Nanotechnology

Green building starts on the molecular level with exciting new innovations in Nanotechnology. Nano insulation is non-toxic, and the insulating coatings are so thin and clear that they appear to be invisible. Nano insulation is about 30% more efficient than conventional insulation materials.

Nanocoatings such as Boyson KNOxOUT air cleaning paint removes air pollutants, breaks down toxins, and self-cleans surfaces. Nanocoatings can be painted on to roads, bridges, and buildings. And nanotech solar technologies will allow solar powered cells to be integrated into windows and awnings, not just rooftops.

Sustainable Flooring

Inside a green home, sustainable flooring options can be attractive, eco-friendly, and contribute to the overall health of the home. Innovative flooring options include carpets made not only from recycled carpet fibers, but also from recycled plastic water bottles like the Everstrand Carpet from Mohawk Flooring. Mohawk recycles over 3 billion plastic bottles each year to make their environmentally friendly carpet.

Stunning floor surfaces made from eco-friendly materials such as bamboo, cork, salvaged wood, and recycled materials such as glass, ceramics, stone, and even rubber can be used in bathrooms, kitchens, and all over the home. Low- and no-voc sealants will keep bathrooms and kitchens water-tight, while remaining environmentally friendly.

Recycled Countertops

One of the newest trends for countertops is breathing new life into old materials. Recycled glass, steel, aluminum, and even paper countertops are eco-friendly and compliment the design style of any home. Reclaimed and bamboo wood countertops provide a rustic warmth to kitchens, and can stand up to years of kitchen abuse. Bamboo countertops are not only eco-friendly and sustainable, they also contribute to a healthy home; bamboo is naturally resistant to mold and bacteria.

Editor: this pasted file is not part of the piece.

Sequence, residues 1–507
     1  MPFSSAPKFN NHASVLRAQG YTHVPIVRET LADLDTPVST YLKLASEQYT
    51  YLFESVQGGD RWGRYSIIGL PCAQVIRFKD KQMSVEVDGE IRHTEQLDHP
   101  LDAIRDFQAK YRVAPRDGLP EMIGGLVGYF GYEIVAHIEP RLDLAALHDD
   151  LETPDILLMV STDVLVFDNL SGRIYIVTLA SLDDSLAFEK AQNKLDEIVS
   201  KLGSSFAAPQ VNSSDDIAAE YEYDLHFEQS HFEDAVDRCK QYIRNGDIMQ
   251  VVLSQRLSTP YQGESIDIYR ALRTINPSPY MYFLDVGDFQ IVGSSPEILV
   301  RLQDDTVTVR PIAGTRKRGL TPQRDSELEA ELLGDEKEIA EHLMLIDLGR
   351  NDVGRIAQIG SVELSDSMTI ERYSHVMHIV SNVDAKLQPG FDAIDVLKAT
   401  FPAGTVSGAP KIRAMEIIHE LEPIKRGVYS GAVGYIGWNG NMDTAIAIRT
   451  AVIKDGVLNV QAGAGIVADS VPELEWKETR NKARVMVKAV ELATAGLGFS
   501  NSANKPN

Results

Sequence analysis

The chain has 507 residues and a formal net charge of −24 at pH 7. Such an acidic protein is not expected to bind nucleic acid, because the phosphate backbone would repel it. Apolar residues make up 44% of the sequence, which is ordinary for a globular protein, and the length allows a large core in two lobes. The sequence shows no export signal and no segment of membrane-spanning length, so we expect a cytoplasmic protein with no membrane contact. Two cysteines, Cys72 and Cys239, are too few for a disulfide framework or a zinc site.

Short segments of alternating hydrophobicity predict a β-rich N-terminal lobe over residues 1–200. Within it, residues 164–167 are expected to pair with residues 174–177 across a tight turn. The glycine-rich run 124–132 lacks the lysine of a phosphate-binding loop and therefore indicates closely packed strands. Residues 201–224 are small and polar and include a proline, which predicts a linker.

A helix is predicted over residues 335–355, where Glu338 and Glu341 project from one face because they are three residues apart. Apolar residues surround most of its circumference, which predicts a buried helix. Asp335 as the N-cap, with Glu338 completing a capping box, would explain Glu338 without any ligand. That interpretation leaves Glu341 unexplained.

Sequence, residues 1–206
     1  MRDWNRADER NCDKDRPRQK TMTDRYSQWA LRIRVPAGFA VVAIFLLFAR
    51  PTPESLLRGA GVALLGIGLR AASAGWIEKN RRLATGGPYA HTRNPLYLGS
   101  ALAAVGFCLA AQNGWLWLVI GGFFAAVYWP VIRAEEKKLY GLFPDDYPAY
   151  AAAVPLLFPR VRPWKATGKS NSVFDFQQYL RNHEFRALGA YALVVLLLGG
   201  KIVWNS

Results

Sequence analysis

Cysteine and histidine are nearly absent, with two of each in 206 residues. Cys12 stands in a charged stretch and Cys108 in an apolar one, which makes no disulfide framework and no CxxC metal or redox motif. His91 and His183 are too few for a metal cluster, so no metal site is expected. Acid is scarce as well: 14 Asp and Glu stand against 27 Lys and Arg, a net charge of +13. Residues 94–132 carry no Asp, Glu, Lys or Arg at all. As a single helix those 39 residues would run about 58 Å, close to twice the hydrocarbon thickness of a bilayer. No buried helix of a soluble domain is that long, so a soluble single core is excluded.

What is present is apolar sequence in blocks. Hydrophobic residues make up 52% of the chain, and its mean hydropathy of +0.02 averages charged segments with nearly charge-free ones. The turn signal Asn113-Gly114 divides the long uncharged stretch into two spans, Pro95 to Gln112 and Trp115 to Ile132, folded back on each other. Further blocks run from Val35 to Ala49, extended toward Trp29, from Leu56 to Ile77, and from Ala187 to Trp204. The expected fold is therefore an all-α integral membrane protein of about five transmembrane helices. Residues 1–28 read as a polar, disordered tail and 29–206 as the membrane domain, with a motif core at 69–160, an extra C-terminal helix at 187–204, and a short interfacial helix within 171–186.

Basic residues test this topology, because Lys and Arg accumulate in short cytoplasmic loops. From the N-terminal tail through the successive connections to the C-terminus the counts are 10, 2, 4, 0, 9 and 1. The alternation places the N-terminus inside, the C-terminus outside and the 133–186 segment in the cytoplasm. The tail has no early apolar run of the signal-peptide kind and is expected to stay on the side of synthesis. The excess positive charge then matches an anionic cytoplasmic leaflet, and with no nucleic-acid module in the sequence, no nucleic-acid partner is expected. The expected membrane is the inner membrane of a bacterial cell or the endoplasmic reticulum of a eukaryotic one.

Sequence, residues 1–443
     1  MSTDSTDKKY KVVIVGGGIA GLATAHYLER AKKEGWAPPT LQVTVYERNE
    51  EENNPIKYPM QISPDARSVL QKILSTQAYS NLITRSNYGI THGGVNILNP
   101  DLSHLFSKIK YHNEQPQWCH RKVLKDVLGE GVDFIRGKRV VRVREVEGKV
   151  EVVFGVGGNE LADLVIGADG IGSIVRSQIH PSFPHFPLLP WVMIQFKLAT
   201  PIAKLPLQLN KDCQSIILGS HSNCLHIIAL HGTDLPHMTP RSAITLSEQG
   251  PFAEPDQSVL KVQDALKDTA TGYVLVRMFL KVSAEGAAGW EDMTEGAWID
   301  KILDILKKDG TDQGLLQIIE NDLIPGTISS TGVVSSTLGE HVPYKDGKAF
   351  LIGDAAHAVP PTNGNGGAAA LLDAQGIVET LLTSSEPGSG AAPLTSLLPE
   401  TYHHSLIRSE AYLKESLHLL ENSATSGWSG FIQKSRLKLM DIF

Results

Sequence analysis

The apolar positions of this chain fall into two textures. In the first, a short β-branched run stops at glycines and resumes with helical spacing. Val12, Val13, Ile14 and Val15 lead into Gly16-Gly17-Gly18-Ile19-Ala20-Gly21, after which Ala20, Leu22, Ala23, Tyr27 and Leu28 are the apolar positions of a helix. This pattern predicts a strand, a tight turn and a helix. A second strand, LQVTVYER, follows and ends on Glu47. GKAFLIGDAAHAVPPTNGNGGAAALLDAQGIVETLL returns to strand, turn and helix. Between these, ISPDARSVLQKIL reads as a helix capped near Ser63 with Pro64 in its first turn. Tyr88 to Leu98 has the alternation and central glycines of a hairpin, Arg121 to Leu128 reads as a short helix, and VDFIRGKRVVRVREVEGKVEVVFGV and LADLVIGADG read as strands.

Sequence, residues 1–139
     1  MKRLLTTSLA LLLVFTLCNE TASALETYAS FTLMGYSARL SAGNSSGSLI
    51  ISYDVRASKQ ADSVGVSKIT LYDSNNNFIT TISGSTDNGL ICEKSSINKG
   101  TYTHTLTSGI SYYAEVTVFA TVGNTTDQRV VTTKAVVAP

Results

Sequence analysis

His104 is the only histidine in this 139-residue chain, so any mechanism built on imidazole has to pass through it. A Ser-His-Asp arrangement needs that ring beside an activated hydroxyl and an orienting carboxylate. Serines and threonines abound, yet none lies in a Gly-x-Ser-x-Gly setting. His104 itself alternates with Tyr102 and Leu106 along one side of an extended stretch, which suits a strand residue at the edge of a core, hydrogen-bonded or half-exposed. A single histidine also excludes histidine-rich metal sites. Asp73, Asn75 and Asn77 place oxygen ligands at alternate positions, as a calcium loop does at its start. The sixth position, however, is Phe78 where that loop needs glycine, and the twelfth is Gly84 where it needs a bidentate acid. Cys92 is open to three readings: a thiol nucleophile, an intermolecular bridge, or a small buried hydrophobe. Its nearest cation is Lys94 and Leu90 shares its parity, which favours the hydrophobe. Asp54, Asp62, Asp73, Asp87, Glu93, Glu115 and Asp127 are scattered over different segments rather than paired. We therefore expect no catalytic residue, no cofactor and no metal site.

A Return to Steel

Steel is not a new building material, it’s been used to frame buildings since the 1800s. But steel is making a big comeback as a sustainable building material; all steel products can be recycled again and again. According to the Steel Recycling Institute, a 2,000 sq foot two story house can be framed from the steel recycled from six cars. It would take nearly an acre of trees to produce the wood needed to produce a comparable wood frame. And steel isn’t just for framing, either. Recycled steel countertops, furniture, and tiles can be used throughout the home, as well.

Down Sizing

The Tiny-house trend has taken the nation by storm, and one of the reasons people are choosing to build small these days is to reduce their carbon footprint and live more sustainably. Inhabit extols the virtue of a compact space, stating that a smaller home takes less materials to build and requires fewer resources to maintain comfort.

If you aren’t using green building materials and sustainable practices in your construction business, you are missing out on an opportunity to reach an ever growing customer base that includes both residential homes and large commercial practices. Keep an eye on the green trends that are shaping up to be big in 2016, and your construction business (and customers) will thank you for it.

Smiling Female Contractor